Played with it a bit last night. Fun! I can see that Wii Sports Tennis is going to be great. But I was too jet-lagged to play much. I set up my Mii and did the online update, played a bit of Tennis and Bowling. Now I just need a component video cable, and Zelda when it comes out.
Archive for November, 2006
I’ve won (the right to purchase) a Wii in the office lottery. Our office is getting just over 100 of them in two shipments. The first shipment has already arrived, and the second shipment will arrive shortly after I return from holiday!
The Windows Vista EULA has been in the news a bit today. It contains several worrying features.
Other sites were complaining about how it allowed just one re-install on different hardware; that is now fixed. So you can upgrade more than once and transfer it. There has also been some complaint about the clause that effectively censors benchmarking of .NET 3.0. And the prohibition of running the Home editions in a virtual/emulated environment is a real blow to web developers. Of course, there are all sorts of DRM restrictions, and it has mandatory activation (WGA) too – this is also shortly on the way for MS Office in the form of Office Genuine Advantage.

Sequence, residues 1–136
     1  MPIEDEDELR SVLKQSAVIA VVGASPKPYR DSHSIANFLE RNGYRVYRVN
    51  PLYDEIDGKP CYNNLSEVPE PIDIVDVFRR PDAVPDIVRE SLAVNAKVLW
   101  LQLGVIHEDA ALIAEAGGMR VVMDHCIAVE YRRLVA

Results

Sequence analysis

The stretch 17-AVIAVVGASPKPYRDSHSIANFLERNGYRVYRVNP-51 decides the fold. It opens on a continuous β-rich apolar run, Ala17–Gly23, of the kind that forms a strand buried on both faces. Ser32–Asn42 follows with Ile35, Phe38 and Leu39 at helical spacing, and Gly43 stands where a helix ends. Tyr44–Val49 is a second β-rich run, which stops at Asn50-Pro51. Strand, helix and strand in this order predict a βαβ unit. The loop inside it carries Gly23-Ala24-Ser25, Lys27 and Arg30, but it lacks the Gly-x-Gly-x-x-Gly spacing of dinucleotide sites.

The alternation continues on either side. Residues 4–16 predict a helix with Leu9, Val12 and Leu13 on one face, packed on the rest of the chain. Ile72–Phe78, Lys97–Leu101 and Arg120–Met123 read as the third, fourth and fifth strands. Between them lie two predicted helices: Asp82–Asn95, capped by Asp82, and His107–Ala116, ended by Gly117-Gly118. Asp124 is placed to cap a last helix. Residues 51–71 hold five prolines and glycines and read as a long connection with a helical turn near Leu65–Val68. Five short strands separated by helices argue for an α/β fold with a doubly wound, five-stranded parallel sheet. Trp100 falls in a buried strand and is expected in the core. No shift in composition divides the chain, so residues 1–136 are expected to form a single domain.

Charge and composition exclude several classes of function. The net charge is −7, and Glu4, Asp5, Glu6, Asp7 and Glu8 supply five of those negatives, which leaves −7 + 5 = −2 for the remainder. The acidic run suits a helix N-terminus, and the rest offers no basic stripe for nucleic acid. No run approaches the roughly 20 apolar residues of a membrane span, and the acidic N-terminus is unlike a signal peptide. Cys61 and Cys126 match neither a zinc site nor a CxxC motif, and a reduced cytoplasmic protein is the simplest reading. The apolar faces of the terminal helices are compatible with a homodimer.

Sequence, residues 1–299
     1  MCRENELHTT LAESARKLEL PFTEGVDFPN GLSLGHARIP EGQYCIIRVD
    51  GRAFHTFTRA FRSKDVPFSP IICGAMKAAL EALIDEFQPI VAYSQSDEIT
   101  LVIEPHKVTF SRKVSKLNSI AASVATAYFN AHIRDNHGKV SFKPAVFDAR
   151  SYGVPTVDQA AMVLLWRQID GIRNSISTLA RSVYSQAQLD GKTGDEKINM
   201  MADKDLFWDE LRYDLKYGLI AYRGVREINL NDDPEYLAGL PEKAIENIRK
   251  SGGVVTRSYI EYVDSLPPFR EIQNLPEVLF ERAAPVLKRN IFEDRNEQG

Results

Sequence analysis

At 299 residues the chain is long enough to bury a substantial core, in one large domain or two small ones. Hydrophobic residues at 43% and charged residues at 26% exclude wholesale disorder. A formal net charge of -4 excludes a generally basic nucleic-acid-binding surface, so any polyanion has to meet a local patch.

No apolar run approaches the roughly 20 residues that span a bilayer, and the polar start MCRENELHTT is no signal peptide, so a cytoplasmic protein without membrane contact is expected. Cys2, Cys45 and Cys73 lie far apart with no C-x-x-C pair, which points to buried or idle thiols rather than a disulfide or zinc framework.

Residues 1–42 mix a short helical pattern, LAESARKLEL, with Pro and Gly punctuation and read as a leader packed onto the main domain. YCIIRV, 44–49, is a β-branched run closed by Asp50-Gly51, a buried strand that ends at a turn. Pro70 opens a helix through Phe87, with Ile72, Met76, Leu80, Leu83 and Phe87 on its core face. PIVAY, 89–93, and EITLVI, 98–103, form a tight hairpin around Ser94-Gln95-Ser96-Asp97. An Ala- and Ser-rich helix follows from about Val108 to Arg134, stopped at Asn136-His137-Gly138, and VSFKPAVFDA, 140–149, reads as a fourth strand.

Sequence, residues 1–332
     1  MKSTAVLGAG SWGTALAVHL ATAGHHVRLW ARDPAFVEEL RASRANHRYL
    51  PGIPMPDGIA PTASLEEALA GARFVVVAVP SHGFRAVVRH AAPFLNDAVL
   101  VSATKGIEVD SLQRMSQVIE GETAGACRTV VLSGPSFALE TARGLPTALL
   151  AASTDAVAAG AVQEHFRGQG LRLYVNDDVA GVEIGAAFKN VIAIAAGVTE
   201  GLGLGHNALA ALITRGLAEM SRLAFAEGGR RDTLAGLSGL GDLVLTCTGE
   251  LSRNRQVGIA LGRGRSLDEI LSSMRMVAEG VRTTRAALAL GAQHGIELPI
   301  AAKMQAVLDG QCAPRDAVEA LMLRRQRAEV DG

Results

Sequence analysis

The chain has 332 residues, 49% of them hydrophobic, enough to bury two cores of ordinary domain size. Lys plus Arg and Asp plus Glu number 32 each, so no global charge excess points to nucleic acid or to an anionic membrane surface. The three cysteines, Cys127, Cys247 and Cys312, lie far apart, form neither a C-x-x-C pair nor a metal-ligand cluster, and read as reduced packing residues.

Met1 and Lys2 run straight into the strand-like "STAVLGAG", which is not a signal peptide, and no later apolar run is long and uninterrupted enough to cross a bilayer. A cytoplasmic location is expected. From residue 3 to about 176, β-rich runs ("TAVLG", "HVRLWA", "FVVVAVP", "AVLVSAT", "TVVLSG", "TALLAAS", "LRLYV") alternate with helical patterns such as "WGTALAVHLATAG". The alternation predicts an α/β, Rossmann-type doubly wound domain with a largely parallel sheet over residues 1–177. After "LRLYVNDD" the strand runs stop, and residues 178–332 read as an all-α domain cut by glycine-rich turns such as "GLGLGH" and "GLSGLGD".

So, there are all sorts of bad things there. But the one that caught my eye I have not seen mentioned on any other site. It says: You may install one copy of the software on the licensed device. You may use the software on up to two processors on that device at one time.
That’s it. Maximum of 2 processors. Just when Intel and AMD are ramping up their processor count. Now there is a question in my mind whether this means physical chips or just cores on the same die. And can Windows tell the difference? It doesn’t seem to distinguish right now. This is a concern because it might really fragment the games market. What will happen if one tries to run a game on Windows Vista on a quad-core machine next year? Will Vista allow creation of 4 hardware threads? What about an 8-core machine or a 16-core machine in 2008 and beyond?